- Keep satisfied — These stakeholders are both powerful and interested in your product. Collaboration with them is essential
- Ignore — These individuals lack power and interest in your product. Identifying them helps you determine who not to focus on
- Keep involved — While these stakeholders may lack power, they’re highly interested in your initiative and can help drive progress because they value what you’re doing
While these quadrants provide a useful overview of your stakeholders and how best to collaborate with them, one element is missing: attitude. Some people will support you while others may oppose you — it’s important to identify these individuals and strategize how best to engage with them.
To visualize each internal stakeholder’s attitude, I use color coding:
Once you have a matrix like this one, you can start considering immediate actions based on it. In this example:
- I’d speak with Josef to understand his concerns and devise actions that could win him over
- Peter is skeptical despite being interested and powerful; it would be beneficial to understand his skepticism
- I’d converse with Harold about his position with the aim of moving him towards neutrality
You can download a free template here.
Returning to my initial story, I felt I was on the brink of losing my job due to poor stakeholder management. To overcome this, I decided to map the stakeholders. But I couldn’t do it alone, so I enlisted the help of other product managers.
I chose to focus on the quarterly goals and map the related stakeholders. Together with two other product managers, we pragmatically positioned the stakeholders into the matrix, reflecting on their attitudes and adjusting accordingly.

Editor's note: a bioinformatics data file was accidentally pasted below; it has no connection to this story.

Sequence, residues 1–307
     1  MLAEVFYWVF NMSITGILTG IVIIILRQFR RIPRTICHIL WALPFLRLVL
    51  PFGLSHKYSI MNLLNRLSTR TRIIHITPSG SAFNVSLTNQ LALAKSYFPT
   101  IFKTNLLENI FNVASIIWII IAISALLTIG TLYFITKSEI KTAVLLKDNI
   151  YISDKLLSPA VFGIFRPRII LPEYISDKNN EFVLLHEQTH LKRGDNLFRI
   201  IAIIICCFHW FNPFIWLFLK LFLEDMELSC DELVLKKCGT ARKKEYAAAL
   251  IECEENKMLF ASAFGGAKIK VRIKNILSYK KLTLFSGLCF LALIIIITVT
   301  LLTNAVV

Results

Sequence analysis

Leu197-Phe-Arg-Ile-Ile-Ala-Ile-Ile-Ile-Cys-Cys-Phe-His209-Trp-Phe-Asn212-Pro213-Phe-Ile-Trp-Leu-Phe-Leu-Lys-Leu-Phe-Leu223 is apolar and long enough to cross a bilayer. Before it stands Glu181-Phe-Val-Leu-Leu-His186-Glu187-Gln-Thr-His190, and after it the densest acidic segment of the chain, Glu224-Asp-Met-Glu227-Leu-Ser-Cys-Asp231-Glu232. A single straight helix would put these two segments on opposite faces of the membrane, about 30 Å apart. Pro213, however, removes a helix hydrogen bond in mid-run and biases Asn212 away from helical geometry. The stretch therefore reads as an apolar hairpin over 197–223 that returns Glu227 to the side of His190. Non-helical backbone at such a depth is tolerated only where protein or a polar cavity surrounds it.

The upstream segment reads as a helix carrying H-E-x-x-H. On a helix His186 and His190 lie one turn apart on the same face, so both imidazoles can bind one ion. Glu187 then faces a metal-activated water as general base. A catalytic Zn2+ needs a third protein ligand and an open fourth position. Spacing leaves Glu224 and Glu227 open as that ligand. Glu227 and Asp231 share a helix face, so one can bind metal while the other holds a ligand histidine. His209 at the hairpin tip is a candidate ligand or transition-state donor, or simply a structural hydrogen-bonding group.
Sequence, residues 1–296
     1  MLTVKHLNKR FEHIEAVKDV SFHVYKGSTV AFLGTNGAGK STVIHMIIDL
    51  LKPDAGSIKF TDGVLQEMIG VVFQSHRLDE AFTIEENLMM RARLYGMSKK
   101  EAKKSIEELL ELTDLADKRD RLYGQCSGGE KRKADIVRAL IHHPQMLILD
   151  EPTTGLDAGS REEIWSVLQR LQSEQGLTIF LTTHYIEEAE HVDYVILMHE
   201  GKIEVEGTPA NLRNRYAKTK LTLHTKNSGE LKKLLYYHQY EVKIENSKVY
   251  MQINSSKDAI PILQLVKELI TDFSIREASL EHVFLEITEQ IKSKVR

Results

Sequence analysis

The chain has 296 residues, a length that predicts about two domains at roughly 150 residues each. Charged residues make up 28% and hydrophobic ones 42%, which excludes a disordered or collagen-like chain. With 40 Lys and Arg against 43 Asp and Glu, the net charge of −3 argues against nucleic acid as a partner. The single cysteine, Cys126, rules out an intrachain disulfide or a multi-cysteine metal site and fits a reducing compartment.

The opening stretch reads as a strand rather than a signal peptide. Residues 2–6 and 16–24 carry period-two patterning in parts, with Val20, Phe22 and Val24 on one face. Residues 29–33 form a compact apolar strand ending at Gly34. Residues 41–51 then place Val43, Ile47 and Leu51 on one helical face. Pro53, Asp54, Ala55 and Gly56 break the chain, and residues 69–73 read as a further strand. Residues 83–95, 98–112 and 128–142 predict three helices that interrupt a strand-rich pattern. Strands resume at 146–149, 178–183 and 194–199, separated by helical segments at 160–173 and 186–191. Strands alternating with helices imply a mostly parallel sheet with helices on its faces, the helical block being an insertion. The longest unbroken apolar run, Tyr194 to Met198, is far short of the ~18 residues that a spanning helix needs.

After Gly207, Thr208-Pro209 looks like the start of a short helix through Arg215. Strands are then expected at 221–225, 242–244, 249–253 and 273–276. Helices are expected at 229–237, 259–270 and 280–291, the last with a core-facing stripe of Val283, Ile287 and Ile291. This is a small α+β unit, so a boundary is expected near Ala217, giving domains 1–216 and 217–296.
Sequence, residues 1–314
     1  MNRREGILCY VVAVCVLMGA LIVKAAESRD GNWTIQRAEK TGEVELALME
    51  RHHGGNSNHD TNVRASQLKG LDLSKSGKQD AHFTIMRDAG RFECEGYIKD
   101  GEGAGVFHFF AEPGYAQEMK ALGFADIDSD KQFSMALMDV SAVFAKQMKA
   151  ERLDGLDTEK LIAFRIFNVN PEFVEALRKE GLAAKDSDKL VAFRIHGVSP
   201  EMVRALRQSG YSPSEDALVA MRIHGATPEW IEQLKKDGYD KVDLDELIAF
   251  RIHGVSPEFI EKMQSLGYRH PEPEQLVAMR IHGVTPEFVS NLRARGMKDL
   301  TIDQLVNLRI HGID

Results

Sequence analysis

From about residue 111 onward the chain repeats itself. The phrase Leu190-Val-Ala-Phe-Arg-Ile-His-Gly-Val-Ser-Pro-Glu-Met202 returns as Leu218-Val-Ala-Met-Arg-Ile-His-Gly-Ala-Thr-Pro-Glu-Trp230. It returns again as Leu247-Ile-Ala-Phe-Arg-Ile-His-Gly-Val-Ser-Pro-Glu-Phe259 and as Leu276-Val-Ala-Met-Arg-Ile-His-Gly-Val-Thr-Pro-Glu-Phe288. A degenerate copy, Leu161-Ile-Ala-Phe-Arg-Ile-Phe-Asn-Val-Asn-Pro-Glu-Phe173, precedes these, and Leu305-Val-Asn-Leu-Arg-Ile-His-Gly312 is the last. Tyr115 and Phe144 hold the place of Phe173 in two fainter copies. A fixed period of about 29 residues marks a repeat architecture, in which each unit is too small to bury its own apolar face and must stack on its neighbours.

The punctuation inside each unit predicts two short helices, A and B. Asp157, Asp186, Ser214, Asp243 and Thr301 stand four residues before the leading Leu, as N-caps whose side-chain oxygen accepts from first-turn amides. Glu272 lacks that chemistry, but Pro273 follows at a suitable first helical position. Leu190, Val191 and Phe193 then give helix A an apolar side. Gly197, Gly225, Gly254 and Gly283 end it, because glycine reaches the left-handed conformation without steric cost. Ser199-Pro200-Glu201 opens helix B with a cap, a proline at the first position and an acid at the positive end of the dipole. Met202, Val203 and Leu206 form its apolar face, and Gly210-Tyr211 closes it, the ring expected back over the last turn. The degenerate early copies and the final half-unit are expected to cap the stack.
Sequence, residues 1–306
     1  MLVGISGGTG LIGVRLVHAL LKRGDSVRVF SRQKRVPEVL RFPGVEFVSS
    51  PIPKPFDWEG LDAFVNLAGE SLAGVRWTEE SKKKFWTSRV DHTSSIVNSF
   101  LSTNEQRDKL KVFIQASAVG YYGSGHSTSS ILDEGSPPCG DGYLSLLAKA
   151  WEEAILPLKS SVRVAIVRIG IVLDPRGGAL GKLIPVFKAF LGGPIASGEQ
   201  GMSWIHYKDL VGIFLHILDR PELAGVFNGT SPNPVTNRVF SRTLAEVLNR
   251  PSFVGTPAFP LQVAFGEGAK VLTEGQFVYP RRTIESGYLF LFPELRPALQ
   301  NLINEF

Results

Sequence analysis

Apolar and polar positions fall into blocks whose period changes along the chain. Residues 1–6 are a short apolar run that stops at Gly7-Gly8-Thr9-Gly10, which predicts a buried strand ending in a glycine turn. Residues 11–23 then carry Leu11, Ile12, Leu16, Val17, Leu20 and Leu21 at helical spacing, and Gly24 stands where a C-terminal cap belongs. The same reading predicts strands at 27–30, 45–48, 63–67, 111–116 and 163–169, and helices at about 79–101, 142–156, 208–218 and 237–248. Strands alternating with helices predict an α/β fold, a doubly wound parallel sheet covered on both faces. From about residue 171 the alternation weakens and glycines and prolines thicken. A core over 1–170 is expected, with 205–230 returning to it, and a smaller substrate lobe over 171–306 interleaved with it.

The result is as follows (real names have been omitted):
As we crafted the mapping, it became clear that improving relationships was paramount. I couldn’t afford to have influential stakeholders working against us or interested stakeholders doing the same. So, I came up with the following actions:
- Have one-on-one meetings with all stakeholders working against us to identify their reasons
- Convince influential stakeholders with positive attitudes to share their motivations with others to provide different perspectives
After these one-on-one meetings, I understood that such stakeholders had been with the company for a long time and were tired of unfulfilled promises and repeated failures. For them, maintaining the status quo was preferable to investing their energy into something unproductive.
By categorizing the stakeholders, my life became easier. I knew where to direct my energy for fruitful results and who required less time in managing expectations or could even be ignored.
Now that we’ve explored what stakeholder mapping is and how it can be applied, let’s explore some best practices. These tips will help you get the most out of your stakeholder mapping efforts and ensure that your approach is effective and efficient:
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- Keep it alive — Stakeholder mapping is an evolving artifact. Start with something and review it at least every month
- Avoid group thinking — Mapping stakeholders in a group can lead to suboptimal results. The example where I created the matrix with other product managers led to group thinking traps because some product managers followed others instead of reflecting on their own objective perspective
- Maximize different perspectives — Invite different people to create a mapping alone and then share their results with others. This can help identify conflicts and facilitate discussions about them
- Take action — Commit to a few actions aimed at developing relationships. A stakeholder matrix without action is useless
- Don’t lump all stakeholders together. This will create more confusion than you can handle
- Stakeholder mapping isn’t a solution in itself. Rather, it’s a means to an end
- The goal is to identify potential problems so you can act quickly and get results
- Focus on resolving relationship issues because this enables you to create value faster